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5 Ways to Develop a Deeper, Sustainable Yoga Practice

Yoga | Yoga for Beginners

I've practiced yoga for nearly two decades, but it took a midlife awakening (some might call it a crisis, but yoga helped me redefine it) six years ago to get me to take my practice seriously—as something deeper and richer than one more way to tighten and tone my tush.

Since then, my daily practice—either alone at home or in a community of others—has evolved in a way I never expected when I first rolled out my mat in my early twenties.

Many of us tiptoe to the back corner of our first yoga class with a giddy desire to create a few new contours on our thighs or triceps, or rock a party pose worthy of applause. My first class had me pining for the deep backbends and 180-degree splits I busted out with ease as a rug rat.

And that's awesome—to a point. Because eventually, if we don't dig deeper, these surface-layer reasons for practicing can quickly give way to tossing in the yoga towel for some fitness trend flavor of the month.

Now don't misunderstand me. I'm all for sampling just about any new flavor the modern fitness world has to hype. If it gets me away from the laptop or from my lap-hogging lazy cat, I’ll test my courage and humility quotient at some crazy surfboard/trampoline/acro/spin class hybrid any time.

But yoga has sooo much more to offer. Here are five ways to develop a daily yoga practice that offers continual growth and joy, both on the mat and beyond.

1. Begin with an intention.

Most teachers (I always do) provide space in opening "oms" for students to set one, but if they don't, set one anyway. An intention gives purpose to your practice, and gives you a place to come back to any time your mind wanders (and it will!) throughout the class.

You don’t have to come up with some deep pontification derived from the Bhagavad Gita. Rather, find an intention you know will keep you focused in a loving way.

A few I use are "Accept whatever shows up on the mat today, physically and emotionally," or "I intend to breathe as deeply and as consciously as possible from start to finish."

Setting an intention adds a whole new dimension to your practice, helping you navigate through areas of your life where you feel stuck. For example, my "acceptance" intention has helped me get past the expectation of never making a mistake in a first writing draft or new recipe.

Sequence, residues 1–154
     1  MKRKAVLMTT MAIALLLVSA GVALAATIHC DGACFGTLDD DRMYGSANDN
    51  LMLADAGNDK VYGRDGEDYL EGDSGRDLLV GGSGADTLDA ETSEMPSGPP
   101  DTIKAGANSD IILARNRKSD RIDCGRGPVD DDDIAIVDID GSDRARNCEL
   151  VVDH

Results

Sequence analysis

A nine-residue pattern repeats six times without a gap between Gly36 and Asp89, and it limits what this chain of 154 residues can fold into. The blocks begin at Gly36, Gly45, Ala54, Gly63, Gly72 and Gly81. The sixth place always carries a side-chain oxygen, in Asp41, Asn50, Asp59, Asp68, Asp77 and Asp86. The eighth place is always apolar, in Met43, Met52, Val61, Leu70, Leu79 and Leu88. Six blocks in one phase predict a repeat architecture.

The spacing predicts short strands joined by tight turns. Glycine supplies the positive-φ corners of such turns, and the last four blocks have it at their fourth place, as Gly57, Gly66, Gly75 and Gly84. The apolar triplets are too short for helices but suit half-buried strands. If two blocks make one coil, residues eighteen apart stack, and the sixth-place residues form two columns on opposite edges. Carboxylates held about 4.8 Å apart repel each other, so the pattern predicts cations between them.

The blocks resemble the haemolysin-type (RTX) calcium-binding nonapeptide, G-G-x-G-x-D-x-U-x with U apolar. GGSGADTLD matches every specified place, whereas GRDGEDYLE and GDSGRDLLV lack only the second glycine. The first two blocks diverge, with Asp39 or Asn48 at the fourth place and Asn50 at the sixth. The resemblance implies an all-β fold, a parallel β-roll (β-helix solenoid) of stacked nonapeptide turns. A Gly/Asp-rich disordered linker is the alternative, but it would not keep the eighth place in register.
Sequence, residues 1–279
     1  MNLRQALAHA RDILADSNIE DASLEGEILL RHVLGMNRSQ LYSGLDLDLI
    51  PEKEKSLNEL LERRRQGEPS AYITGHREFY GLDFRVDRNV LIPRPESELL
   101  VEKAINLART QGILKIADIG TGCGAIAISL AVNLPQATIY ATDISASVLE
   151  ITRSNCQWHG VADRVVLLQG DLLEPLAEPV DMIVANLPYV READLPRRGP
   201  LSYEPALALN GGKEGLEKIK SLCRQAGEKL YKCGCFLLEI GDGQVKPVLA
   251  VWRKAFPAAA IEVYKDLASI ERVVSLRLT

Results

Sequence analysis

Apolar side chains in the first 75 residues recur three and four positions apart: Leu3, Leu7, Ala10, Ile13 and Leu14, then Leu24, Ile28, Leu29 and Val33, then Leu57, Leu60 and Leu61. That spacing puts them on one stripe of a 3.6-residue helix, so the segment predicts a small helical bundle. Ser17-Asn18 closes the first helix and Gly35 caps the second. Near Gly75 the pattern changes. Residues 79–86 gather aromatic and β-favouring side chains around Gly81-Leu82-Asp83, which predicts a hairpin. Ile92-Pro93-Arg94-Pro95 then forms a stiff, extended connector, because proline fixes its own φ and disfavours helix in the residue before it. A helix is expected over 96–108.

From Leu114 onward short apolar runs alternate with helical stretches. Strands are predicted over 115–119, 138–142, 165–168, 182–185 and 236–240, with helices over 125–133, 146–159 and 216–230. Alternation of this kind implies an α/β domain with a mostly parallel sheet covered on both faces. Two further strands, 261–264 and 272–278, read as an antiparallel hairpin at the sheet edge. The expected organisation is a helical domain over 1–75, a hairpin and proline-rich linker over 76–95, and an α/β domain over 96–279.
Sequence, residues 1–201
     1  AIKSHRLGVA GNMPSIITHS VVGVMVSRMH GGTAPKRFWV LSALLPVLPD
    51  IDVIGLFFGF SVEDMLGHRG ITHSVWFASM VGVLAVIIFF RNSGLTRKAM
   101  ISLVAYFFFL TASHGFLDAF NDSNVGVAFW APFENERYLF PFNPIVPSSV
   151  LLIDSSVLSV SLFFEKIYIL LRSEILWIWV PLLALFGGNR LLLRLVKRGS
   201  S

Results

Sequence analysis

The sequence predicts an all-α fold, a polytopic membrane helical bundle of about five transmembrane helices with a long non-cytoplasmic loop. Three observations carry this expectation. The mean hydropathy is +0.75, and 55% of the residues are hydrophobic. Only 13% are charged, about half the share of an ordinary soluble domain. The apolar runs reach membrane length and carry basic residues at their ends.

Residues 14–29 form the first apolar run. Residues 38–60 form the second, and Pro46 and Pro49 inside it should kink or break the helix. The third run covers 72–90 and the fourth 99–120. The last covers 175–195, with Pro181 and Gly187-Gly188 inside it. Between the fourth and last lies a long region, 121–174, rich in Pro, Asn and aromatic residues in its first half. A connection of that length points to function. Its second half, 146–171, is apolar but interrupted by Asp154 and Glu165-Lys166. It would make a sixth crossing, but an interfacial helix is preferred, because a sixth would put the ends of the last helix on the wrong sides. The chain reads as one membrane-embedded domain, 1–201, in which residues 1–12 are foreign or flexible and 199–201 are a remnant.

And breathing deeply and consciously for 90 minutes in class has helped me relax a wee bit more at the first sound of the drill in the dentist’s chair.

2. Drop everything you believe about yourself and others.

Sounds a little extreme, and perhaps it is, but in a good way! Going into class free of self beliefs ("I'm not flexible!” “I ate too many animal crackers last night to take that deep twist!" or even "I rock at Half Moon—I got this!”) allows you to re-invent. Kinda like Halloween on the mat!

Letting go of expectations, beliefs, and all the other head crap gives us the opportunity to see what's truly, honestly possible for our future—both on the mat and off of it.

And letting go of believing you already “got this” (see the next tip on this one) frees you up to learn something new, and not feel humiliated if, on this day, you “don’t” got this. So go ahead—use your practice to be Superman or Wonder Woman. No costume required.

3. Seek newness in every pose.

At some point, the poses, the transitions, and the teachers’ cues are all going to feel familiar. And familiar can feel really cool. But it can also feel…well, familiar. Instead of yawning at what you think you already know, find something new in that Downward Facing Dog you’ve done 8,000 times.

Fact is, you haven’t done this Downward-Facing Dog yet. Feel what’s different. Find a specific area to focus on—maybe it’s your fingertips—are they pressing and spreading evenly into the mat? How about your stance?

Walk your feet a foot further back and see how that feels. Might feel awful. Might feel awesome. You won’t know if insist that you already know!

4. Pat your own back.

Never leave class without thanking yourself for your effort. I started doing this, even after my most frustrating practices, and have noticed a marked improvement in my overall self-esteem. It also sets me up for a positive, powerful practice the next time I meet my mat.

Showing up, doing the work, and facing our unvarnished selves is worth a serious high five. So do it. You’ve spent a good hour or so stretching your spine, so reach back and give it a pat.

5. Don’t stop now.

Take what you’ve gained in class and invest it into the rest of your day. You feel great, so make someone else feel great with a smile, compliment, bigger tip than usual, or simply your undivided attention.

The rest of the world is on hyper-speed and you’ve just come back to the glory of presence through your work on the mat—so why not share it?

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